Iran developed ‘vast influence’ in Iraq, spy agency leaks say
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Iran developed ‘vast influence’ in Iraq, spy agency leaks say

Unprecedented leak of 700 pages of intelligence cables shows Tehran’s efforts to embed itself in Iraq, including paying locals working for the US to switch sides

A poster of Iraq Parliament Speaker Mohammed al-Halbousi, right, and Iran President Hassan Rouhani, left, hang on a building near Tahrir Square, during ongoing protests in Baghdad, Iraq, November 6, 2019. (AP Photo/Hadi Mizban)
A poster of Iraq Parliament Speaker Mohammed al-Halbousi, right, and Iran President Hassan Rouhani, left, hang on a building near Tahrir Square, during ongoing protests in Baghdad, Iraq, November 6, 2019. (AP Photo/Hadi Mizban)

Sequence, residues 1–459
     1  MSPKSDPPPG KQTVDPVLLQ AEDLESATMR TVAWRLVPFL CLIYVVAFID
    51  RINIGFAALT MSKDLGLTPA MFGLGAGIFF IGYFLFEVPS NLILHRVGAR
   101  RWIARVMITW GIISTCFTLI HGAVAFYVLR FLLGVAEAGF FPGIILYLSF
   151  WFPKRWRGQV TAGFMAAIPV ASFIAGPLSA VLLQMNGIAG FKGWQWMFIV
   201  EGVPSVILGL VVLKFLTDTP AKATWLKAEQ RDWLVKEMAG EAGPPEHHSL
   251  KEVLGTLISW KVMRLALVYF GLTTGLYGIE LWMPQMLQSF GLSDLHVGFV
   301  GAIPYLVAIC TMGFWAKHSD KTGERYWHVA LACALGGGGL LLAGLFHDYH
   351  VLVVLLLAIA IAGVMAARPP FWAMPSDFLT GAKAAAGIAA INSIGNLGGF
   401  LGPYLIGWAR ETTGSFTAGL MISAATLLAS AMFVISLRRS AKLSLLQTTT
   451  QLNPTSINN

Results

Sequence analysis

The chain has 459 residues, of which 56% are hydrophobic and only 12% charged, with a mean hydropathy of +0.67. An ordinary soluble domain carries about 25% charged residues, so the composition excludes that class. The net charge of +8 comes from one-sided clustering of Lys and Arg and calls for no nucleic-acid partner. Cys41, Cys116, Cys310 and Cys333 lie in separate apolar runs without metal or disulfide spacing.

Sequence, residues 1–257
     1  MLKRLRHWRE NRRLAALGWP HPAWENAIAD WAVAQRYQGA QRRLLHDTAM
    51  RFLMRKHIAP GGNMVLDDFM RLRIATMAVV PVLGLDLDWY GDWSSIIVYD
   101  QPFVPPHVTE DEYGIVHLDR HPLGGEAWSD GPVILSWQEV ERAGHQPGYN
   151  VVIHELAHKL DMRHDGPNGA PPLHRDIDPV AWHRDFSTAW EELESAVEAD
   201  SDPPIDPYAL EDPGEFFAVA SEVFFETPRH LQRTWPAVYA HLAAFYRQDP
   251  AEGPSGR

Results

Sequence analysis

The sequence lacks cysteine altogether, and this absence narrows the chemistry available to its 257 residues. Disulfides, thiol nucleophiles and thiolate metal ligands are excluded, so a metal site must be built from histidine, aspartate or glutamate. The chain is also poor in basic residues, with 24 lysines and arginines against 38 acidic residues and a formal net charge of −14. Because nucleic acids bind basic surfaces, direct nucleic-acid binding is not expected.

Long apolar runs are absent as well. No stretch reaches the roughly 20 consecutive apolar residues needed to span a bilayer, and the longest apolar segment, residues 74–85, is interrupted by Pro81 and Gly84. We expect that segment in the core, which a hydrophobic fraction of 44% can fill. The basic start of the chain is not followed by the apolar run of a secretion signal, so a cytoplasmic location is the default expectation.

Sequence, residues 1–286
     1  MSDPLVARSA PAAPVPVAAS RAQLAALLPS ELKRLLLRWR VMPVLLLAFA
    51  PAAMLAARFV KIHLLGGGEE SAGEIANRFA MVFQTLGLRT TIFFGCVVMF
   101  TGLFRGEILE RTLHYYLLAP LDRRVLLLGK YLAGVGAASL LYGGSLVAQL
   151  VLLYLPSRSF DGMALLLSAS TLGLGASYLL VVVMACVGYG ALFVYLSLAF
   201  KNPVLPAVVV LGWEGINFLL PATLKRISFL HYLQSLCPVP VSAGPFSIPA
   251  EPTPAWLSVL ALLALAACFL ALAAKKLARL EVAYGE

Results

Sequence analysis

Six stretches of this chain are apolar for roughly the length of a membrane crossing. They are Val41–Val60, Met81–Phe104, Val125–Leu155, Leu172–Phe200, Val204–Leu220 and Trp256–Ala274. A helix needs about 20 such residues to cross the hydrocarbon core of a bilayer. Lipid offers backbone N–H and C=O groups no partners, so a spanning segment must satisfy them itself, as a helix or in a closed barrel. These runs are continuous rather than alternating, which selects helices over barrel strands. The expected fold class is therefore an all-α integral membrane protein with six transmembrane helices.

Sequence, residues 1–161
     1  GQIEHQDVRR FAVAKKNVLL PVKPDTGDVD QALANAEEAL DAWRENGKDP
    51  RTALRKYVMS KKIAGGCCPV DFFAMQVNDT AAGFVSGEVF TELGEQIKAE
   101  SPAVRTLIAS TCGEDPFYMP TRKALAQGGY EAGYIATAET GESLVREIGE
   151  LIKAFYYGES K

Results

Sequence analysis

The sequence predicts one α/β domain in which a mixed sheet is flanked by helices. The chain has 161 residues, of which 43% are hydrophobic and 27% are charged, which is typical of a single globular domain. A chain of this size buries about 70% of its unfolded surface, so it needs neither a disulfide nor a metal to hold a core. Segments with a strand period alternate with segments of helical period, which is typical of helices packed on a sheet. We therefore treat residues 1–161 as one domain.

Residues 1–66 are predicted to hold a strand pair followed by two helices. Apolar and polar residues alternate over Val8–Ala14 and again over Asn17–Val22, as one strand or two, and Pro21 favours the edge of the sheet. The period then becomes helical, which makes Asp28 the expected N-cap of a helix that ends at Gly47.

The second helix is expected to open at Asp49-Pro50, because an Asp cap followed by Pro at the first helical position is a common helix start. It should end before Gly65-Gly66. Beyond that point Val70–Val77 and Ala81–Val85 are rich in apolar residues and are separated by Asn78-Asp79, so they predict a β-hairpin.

Hundreds of leaked Iranian intelligence reports reveal the depth of Tehran’s influence in neighboring, now protest-torn Iraq, The New York Times and The Intercept reported Monday.

The US newspaper and the online news publication said they had verified around 700 pages of reports written mainly in 2014 and 2015 by Iran’s Ministry of Intelligence and Security, and sent to The Intercept anonymously.

The documents “offer a detailed portrait of just how aggressively Tehran has worked to embed itself into Iraqi affairs, and of the unique role of General (Qasem) Soleimani,” wrote the outlets.

A protester hits a poster showing the leader of the Iranian Revolutionary Guard’s foreign wing, or Quds Force, Gen. Qassim Soleimani with a shoe during ongoing anti-government protests in Baghdad, Iraq, November 3, 2019. (AP Photo)